Among his compositions written during his time at Weimar are the first and second piano concertos, the Totentanz, the Concerto pathétique for two pianos, the Piano Sonata in B minor, a number of Etudes, fifteen Hungarian Rhapsodies, twelve orchestral symphonic poems, the Faust Symphony and Dante Symphony, the 13th Psalm for tenor solo, chorus and orchestra, the choruses to Herder's dramatic scenes Prometheus, and the Graner Fest Messe. Much of Liszt's organ music also comes from this period, including the well-known Fantasy and Fugue on the chorale Ad nos, ad salutarem undam and Fantasy and Fugue on the Theme B-A-C-H (the latter also arranged for solo piano).

In 1851 he published a revised version of his 1837 Douze grandes études, now titled Études d'execution transcendante, and the following year the Grandes études de Paganini (Grand etudes after Paganini), the most famous of which is La campanella (The Little Bell), a study in octaves, trills and leaps.

Meets Princess von Sayn-Wittgenstein[edit]

Franz Liszt, portrait by Barabás Miklós, 1847

Also in 1847, while touring in the Polish Ukraine (then part of the Russian Empire), Liszt met Princess Carolyne von Sayn-Wittgenstein. The Princess was an author, whose major work was published in 16 volumes, each containing over 1,600 pages. Her long-winded writing style had some effect on Liszt himself. His biography of Chopin (Life of Chopin) and his chronology and analysis of Gypsy music were both written in the Princess's loquacious style (Grove's Dictionary says that she undoubtedly collaborated with him on this and other works). Princess Carolyne lived with Liszt during his years in Weimar.

Failed marriage attempt[edit]

The Princess eventually wished to marry Liszt, but since she had been previously married and her husband, Russian military officer Prince Nikolaus von Sayn-Wittgenstein-Ludwigsburg (1812–1864), was still alive, she had to convince the Roman Catholic authorities that her marriage to him had been invalid. After huge efforts and a monstrously intricate process, she was temporarily successful (September 1860). It was planned that the couple would marry in Rome, on Liszt's 50th birthday, October 22, 1861. Liszt arrived in Rome the previous day, but by the late evening the Princess declined to marry him. It appears that both her husband and the Tsar of Russia had managed to have the Vatican's agreement revoked. The Russian government also impounded her several estates in the Polish Ukraine, which made her later marriage to anybody unfeasible.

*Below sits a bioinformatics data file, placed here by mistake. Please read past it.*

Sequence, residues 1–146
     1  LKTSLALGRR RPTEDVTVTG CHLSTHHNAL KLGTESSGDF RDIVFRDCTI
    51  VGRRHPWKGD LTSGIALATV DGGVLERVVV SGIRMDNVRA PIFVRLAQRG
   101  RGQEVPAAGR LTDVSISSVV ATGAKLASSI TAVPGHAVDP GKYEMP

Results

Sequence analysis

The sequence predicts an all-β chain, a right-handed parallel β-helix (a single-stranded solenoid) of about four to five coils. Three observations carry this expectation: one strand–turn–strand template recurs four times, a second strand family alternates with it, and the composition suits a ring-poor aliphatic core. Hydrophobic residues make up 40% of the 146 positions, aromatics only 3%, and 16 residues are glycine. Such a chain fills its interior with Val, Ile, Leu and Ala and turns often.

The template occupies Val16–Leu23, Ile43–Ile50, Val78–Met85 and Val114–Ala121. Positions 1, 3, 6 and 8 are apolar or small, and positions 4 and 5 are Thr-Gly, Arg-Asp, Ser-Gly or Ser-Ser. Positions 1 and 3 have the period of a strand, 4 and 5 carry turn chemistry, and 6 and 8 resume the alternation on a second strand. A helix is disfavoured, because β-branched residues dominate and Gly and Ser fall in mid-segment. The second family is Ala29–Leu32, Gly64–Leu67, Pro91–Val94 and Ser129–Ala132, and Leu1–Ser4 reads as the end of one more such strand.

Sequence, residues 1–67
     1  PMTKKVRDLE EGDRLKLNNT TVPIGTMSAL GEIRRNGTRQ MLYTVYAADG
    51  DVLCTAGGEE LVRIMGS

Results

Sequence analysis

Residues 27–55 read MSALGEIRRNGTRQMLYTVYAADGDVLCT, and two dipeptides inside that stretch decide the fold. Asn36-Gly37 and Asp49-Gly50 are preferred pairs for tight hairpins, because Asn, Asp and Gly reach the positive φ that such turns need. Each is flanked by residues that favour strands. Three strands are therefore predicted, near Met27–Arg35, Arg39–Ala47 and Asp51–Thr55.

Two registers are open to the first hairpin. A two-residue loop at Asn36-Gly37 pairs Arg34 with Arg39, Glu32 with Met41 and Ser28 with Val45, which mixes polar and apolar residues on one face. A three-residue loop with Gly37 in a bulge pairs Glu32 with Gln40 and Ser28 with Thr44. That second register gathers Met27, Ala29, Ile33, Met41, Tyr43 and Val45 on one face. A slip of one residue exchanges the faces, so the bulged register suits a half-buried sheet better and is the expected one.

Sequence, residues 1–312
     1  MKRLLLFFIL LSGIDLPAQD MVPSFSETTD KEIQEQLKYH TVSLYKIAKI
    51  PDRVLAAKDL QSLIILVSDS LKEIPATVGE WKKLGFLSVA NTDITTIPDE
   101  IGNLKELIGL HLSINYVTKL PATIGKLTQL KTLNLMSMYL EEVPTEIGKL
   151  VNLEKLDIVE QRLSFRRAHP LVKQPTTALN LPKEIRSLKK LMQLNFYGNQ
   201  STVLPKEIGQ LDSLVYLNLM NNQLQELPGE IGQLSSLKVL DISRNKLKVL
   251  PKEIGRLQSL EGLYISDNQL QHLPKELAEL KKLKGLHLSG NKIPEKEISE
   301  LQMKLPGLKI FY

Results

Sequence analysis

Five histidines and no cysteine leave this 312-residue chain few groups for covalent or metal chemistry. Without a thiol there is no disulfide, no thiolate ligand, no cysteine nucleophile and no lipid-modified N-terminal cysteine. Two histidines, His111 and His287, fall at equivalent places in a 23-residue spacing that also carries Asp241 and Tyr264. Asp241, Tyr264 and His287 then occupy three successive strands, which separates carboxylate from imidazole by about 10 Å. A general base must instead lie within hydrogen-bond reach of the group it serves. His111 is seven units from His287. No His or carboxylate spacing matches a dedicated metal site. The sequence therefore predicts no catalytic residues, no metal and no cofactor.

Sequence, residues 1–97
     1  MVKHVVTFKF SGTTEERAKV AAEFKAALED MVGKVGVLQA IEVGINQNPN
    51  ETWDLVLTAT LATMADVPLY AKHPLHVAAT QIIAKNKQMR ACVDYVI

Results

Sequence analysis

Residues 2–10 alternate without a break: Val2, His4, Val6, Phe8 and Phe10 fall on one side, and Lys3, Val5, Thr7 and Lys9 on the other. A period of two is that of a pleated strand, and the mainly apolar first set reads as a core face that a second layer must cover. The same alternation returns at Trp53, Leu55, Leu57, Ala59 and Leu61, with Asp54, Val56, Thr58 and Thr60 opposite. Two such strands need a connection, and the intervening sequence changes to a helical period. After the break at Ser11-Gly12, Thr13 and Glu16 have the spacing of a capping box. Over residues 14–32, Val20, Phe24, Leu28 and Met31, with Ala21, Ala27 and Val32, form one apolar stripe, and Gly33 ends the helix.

Later relations with the Princess[edit]

Much later, in a letter of May 30, 1875, she wrote to Eduard Liszt[107] that she had found Liszt to have been ungrateful. While she had spent her money and had lost nearly all of her former fortune, it had been several millions, he had had during all the time of the Weimar years love affairs with other women. Especially in September 1860, there had been an affaire with the singer Emilie Genast. For this reason she had decided that the planned wedding should be cancelled.[108]

Liszt in 1856 by Wilhelm von Kaulbach

The question whether the Princess was correct in her accusations against Liszt, remains open. Regarding Emilie Genast, in the second half of September 1860 she had for a time of about two weeks visited Liszt in Weimar, on his invitation. In the beginning of October she left, travelling to the Rhineland. Liszt composed for her the love song "Wieder möcht' ich Dir begegnen" ("I'm wishing to meet you again"). Besides, he made a new version of his song "Nonnenwerth" as well as orchestrations of the songs "Die junge Nonne", "Gretchen am Spinnrade" and "Song of Mignon" by Schubert. While they were now all dedicated to Emilie Genast, they had in Liszt's youth been strongly correlated with his affair with Marie d'Agoult. "Mignon" has words "Dahin!, dahin möcht' ich mit dir, o mein Geliebter, ziehn!"[109] (She wants to go together with her darling to Italy.) Reflecting this, Liszt also made a new version of his song "Es rauschen die Winde" with words "Dahin, dahin, sind die Tage der Liebe dahin!" ("the days of love are gone"). From those hints no certain conclusion can be drawn, but Liszt seems to have detected a kind of resemblance between Emilie Genast and the young Marie d'Agoult. However, nearly all of Liszt's letters to Emilie Genast, at least 98, have survived, but are still unpublished; so nothing more can be said.